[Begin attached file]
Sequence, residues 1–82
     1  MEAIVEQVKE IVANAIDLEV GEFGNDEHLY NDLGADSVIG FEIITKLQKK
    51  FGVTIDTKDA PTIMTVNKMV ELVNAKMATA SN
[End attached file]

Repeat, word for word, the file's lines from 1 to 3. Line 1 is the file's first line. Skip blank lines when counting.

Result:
Sequence, residues 1–82
     1  MEAIVEQVKE IVANAIDLEV GEFGNDEHLY NDLGADSVIG FEIITKLQKK
    51  FGVTIDTKDA PTIMTVNKMV ELVNAKMATA SN